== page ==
U.S. flag

An official website of the United States government, Department of Justice.

NCJRS Virtual Library

The Virtual Library houses over 235,000 criminal justice resources, including all known OJP works.
Click here to search the NCJRS Virtual Library

Learning the Skills of Policing

NCJ Number
Law and Contemporary Problems Volume: 47 Issue: 4 Dated: (Autumn 1984) Pages: 35-59
D H Bayley; E Bittner
Date Published
25 pages
Progress in police training will occur by focusing on the particularities of police work as experienced and performed by veteran officers and by analyzing that experience as the basis for training future officers.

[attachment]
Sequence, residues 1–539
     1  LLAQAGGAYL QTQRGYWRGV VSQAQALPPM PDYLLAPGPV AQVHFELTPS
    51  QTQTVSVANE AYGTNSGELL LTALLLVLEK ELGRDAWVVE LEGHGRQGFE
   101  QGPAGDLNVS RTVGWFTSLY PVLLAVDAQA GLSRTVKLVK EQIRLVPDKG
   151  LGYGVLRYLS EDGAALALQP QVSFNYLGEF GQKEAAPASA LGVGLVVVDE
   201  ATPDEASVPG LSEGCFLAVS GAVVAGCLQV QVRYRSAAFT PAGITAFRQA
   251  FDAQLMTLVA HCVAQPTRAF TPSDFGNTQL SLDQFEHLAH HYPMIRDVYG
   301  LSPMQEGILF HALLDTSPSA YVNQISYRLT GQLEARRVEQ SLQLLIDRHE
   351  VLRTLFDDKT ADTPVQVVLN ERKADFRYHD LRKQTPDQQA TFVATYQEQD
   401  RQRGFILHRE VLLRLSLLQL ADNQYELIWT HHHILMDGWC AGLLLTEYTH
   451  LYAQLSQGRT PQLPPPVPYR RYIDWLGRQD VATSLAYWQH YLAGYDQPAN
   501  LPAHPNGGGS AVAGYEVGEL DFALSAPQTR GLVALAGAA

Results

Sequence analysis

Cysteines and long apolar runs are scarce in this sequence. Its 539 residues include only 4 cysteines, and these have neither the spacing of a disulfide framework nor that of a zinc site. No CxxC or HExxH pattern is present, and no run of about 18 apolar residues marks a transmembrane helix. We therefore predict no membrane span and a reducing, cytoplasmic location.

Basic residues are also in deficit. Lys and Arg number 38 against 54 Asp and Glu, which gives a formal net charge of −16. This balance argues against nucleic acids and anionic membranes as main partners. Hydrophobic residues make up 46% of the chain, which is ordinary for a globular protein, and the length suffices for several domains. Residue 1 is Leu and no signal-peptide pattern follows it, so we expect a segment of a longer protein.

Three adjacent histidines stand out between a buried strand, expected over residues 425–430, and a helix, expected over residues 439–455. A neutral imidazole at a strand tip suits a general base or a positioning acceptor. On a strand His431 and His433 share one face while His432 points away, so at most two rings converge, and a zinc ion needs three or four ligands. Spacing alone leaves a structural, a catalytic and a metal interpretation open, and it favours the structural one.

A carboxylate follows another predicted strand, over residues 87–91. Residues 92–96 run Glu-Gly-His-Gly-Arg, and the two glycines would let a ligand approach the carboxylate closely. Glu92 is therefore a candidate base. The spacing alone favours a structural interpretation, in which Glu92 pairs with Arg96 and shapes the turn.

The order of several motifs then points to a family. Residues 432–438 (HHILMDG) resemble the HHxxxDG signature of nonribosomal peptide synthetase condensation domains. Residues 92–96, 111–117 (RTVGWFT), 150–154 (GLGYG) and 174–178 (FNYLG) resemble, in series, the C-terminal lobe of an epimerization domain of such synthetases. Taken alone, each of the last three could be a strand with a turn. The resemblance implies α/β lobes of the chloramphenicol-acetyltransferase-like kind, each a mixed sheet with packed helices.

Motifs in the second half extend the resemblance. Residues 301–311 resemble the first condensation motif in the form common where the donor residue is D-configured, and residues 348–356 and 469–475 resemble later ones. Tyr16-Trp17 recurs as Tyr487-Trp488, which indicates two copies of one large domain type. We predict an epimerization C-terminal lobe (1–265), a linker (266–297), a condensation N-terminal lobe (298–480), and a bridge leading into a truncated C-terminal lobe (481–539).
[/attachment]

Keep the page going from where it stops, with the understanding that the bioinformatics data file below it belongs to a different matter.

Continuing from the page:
On-the-job police experience contributes to learning about goals (which ones are reasonable), tactics (which ones ensure the achievement of different goals in varying circumstances), and presence (how to cultivate a career-sustaining personality). Training can help apprentices become master craftspersons faster and with direction. To achieve this, formal training programs should give more attention to the problematic nature of police work, and master craftspersons should be used as field instructors for rookies. Learning can also be continual and cumulative based on analyzed experience. Assuming that experience is valuable in learning about police work, departments should reward advancement in skill development. The benefits of yoking formal training and policing experience are improved morale among patrol officers, the development of techniques for measuring degrees of skill, and the professionalization of policing by objectifying degrees of proficiency. 38 footnotes.